On Sunday evening, Emmanuel Macron became the first French president in 20 years to win a second term since Jacques Chirac in 2002.
The victory, Lewis Goodall said, will have been met with audible sighs of relief in the capitals of Europe, in the institutions of Brussels, in Washington and the gnashing of teeth of disappointment in the Kremlin.
It was a win for the progressive centre, and confirmation that the traditional parties of the left and right have become as marginalised as UKIP is in the UK.
That is to the credit of En Marche!, a party founded in April 2016 by Macron, a year before he became the youngest person to become president of France.
The movement’s founding aim was to unite both the left and the right, “modernising and moralising” French politics.
It isn’t a far cry from a new political movement in the UK dubbed the Britain Project, a cross-party alliance backed by Rory Stewart, broadcaster Trevor Phillips, Tony Blair’s former speechwriter Phil Colins and, if rumours are to be believed, Blair himself.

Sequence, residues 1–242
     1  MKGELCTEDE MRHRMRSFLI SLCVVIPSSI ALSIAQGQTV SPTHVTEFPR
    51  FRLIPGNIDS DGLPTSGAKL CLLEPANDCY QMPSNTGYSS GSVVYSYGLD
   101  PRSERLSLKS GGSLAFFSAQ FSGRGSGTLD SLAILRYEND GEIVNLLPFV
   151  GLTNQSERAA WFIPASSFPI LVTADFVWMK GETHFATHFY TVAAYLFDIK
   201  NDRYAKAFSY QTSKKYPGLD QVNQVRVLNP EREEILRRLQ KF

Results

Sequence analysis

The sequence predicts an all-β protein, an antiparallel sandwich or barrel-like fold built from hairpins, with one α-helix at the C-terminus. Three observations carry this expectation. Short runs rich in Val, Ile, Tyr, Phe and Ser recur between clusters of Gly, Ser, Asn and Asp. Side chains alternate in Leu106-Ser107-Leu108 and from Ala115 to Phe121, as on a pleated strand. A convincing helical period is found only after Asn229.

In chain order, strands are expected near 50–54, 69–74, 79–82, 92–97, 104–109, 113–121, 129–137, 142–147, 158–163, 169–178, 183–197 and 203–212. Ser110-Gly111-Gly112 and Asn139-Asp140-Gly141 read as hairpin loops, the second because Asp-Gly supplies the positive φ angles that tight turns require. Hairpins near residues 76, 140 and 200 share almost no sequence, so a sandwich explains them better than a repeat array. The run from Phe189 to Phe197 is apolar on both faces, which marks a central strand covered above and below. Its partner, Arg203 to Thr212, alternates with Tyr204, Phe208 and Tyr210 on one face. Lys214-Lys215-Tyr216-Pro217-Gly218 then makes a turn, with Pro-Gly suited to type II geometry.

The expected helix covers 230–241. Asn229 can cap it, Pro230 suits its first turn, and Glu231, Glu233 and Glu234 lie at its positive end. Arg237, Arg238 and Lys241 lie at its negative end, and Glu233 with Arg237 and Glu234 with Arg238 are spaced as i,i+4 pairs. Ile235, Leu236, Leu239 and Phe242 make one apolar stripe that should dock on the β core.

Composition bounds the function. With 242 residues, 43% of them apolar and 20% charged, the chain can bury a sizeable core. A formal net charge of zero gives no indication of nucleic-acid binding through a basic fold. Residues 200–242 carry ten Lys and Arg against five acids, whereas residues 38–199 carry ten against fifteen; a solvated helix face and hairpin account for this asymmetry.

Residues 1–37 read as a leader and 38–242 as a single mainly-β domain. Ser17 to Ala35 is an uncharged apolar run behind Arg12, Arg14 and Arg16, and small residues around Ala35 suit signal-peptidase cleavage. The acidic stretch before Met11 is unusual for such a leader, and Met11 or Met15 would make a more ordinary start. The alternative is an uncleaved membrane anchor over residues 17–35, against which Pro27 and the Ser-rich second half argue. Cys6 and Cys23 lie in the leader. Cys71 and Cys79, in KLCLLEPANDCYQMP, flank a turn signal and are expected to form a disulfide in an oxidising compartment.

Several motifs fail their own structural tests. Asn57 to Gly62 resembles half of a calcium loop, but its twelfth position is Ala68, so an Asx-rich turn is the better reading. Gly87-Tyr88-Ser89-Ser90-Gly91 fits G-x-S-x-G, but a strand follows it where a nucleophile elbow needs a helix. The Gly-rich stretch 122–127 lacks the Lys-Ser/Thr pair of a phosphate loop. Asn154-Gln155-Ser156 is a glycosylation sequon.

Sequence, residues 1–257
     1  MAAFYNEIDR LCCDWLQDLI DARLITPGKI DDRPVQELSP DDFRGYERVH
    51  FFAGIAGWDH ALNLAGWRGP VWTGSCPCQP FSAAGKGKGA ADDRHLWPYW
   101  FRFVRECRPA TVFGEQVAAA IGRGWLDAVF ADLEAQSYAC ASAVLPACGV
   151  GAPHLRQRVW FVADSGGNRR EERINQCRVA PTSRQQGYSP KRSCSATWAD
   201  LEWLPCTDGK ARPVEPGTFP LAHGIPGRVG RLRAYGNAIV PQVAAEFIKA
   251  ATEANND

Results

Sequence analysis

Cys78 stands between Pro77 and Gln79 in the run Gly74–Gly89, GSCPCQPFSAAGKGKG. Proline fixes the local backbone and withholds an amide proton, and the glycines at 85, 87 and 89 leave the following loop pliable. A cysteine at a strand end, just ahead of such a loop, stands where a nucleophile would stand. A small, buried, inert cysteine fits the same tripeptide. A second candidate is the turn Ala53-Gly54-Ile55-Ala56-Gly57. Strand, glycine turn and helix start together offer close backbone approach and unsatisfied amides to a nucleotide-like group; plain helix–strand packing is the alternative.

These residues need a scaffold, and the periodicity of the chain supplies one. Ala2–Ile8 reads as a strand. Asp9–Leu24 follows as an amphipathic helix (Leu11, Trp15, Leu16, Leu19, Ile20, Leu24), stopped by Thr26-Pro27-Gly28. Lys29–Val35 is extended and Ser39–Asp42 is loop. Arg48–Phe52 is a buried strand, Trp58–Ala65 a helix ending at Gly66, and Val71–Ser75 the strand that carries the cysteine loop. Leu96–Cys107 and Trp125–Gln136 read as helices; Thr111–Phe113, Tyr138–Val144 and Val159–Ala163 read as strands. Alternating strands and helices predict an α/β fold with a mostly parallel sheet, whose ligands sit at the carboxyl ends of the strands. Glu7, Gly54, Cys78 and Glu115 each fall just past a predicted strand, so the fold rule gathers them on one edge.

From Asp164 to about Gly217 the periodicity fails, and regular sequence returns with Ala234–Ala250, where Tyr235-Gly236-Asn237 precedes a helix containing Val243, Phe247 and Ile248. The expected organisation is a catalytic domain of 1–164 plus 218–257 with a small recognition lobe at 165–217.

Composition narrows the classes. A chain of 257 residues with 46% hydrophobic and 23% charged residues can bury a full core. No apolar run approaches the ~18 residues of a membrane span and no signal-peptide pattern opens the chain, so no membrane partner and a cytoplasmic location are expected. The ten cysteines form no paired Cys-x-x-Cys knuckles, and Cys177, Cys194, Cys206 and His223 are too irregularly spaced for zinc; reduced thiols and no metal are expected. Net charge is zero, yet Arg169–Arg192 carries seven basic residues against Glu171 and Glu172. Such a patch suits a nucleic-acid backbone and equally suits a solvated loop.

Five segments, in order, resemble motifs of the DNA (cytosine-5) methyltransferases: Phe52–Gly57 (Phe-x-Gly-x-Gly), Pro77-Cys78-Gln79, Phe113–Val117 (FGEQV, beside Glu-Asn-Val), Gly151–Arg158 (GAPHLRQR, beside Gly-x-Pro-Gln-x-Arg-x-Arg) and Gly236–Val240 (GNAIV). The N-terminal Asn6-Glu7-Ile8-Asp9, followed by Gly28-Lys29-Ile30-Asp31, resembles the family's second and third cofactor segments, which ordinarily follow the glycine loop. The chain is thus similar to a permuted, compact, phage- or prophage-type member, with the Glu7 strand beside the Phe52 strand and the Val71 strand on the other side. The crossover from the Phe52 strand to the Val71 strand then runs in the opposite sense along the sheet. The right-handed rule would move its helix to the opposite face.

The non-partisan collaboration is seeking to build a new broad coalition in the centre-ground that puts “hope, decency, integrity and the common good at the heart of our politics”, according to its website.
They add that they want to “counteract the current forces of populism, and focus on our sustainable growth as a nation” by “pulling the national conversation, grassroots politics and mainstream thinking back to the politics of the centre ground built on our shared values”.
Read more about the Britain Project here.